Matthew 28 v 5-7

"Posterity will serve Him; future generations will be told about the Lord. They will proclaim His righteousness to a people yet unborn - for He has done it"
Psalm 22 v 30+31

"For what I received I passed on to you as of first importance: that Christ died for our sins according to the Scriptures, and that He was raised on the third day according to the Scriptures, and that He appeared to Peter, and then to the Twelve"
1 Corinthians 15 v 3-5

"I know that my Redeemer lives, and that in the end He will stand upon the earth. And after my skin has been destroyed, yet in my flesh I will see God; I myself will see Him with my own eyes - I, and not another. How my heart yearns within me!"
Job 19 v 25-27

"The word of faith we are proclaiming: That if you confess with your mouth, 'Jesus is Lord,' and believe in your heart that God raised Him from the dead, you will be saved."
Romans 10 v 8 + 9

Friday, April 06, 2012

Good Friday

"But He was pierced for our transgresions, He was crushed for our iniquities; the punishment that brought us peace was upon Him, and by His wounds we are healed. we all, like sheep, have gone astray, each of us has turned to His own way; and the LORD has laid on Him the iniquity of us all"
  Isaiah 53 v 5+6

"From the sixth hour until the ninth hour darkness came over all the land. About the ninth hour Jesus cried out in a loud voice, 'Eloi, Eloi, lama sabachthani'"
  Matthew 27 v 45+46

"My God, my God, why have you forsaken me? Why are you so far from saving me, so far from the words of my groaning?"
  Psalm 22 v 1

"At that moment the curtain of the temple was torn in two from top to bottom. The earth shook and the rocks split."
  Matthew 27 v 51

"Hang the curtain from the clasps and place the Ark of the Testimony behind the curtain. The curtain will separate the Holy Place from the Most Holy Place"
  Exodus 26 v 33

"Joseph took the body, wrapped it in a clean linen cloth, and placed it in his own new tomb that he had cut out of the rock. He rolled a big stone in front of the entrance to the tomb and went away."
  Matthew 27 v 59+60

"We are going up to Jerusalem, and the Son of Man will be betrayed to the chief priests and the teachers of the law. They will condemn Him to death and will turn Him over to the Gentiles to be mocked and flogged and crucified. On the third day He will be raised to life."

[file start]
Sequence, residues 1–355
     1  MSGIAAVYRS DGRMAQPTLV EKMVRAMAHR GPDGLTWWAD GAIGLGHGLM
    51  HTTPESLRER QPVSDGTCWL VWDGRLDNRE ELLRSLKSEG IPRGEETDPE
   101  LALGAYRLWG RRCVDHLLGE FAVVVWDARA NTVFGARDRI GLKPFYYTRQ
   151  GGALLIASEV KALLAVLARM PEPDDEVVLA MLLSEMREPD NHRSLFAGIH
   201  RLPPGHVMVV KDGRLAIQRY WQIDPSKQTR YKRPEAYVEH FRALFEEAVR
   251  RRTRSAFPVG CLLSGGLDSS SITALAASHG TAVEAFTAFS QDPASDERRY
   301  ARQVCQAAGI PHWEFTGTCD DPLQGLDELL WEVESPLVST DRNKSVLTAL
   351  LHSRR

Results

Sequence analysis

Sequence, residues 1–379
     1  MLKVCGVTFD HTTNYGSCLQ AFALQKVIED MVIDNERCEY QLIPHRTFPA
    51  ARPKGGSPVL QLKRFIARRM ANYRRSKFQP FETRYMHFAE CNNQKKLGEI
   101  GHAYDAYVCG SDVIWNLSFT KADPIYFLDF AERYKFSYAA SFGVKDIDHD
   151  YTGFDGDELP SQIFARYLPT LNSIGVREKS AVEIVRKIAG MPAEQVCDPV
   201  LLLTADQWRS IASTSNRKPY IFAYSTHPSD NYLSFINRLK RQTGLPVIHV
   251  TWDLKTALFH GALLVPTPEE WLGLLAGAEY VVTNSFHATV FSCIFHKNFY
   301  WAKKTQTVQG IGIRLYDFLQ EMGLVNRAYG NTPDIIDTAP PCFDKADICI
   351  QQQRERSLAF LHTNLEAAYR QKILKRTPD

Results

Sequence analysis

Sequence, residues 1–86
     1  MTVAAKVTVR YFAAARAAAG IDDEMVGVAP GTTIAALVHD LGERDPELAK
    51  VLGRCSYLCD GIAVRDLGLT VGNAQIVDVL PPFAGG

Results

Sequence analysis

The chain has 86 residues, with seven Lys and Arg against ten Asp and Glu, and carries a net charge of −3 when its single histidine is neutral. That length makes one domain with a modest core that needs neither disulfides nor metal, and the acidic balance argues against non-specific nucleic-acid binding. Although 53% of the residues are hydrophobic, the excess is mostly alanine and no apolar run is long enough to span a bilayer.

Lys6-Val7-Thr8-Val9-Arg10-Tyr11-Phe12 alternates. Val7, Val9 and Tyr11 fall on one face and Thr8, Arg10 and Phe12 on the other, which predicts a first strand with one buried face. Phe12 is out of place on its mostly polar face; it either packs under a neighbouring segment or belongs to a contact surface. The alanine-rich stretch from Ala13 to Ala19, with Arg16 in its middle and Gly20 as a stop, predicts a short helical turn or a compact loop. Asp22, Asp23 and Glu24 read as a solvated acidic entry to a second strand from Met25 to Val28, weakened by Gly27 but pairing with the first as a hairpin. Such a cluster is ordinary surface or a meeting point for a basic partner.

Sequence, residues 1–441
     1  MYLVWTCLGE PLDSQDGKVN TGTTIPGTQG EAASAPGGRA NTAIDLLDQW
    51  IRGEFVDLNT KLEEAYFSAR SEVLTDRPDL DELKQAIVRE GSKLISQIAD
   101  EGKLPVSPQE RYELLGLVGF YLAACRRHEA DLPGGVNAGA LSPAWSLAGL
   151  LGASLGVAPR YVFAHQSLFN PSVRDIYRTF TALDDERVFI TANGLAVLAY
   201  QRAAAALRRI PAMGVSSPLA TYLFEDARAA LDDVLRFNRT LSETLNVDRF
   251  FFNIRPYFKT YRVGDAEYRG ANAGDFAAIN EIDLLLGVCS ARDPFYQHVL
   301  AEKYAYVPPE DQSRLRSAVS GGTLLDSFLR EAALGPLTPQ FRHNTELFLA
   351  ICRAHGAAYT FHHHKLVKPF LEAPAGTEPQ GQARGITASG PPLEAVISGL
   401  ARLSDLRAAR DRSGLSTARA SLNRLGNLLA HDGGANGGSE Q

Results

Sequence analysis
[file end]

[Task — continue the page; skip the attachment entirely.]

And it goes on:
Matthew 20 v 18+19

Wednesday, April 04, 2012

Adventures in Sourdough

I have a habit of becoming fixated on one thing for a while, obsessed, almost, before something new and exciting catches my attention. This month my obsession has been sourdough.

Ignoring all advice about new sourdough creators getting a culture from a friend, or not starting your own culture until you know enough about sourdough, I ploughed straight in. I used SourdoughHome a great deal, though I must admit, despite no experience in the issue, I still did a little experimentation. I started with very small proportions, and fed the culture up, over a week, so that I had to throw out less.

Turns out that sourdough is quite demanding. It needs feeding at least every 12 hours, a warm room, changing of the dish to avoid mould, and lots of love. (Okay, I made the last one up.)

But then, joy of joys, it was time to try it.

I grant you cannot really see the sourdough element of this meal. But that is a sourdough French Bread roll, topped with melted cheese, and chicken wrapped in bacon, marinated in barbeque sauce and oven cooked, with a side of Peashoots and Baby Leaves to make the ultimate chicken barbeque burger.

Then came sourdough chocolate cupcakes. These ended up a little drier than I intended, but I topped them with creamcheese icing (as used on Red Velvet Cakes) and they ended up alright.

As an incidental point, I am a big fan of Asda pastel coloured cupcake cakes - unlike some baking cases I've used, they came out looking fresh, and the colour was not influenced despite the chocolate batter. And they are very good value (48p for 100)

There are two more sourdough adventures to document, but since this post is already too long, I shall post them another day.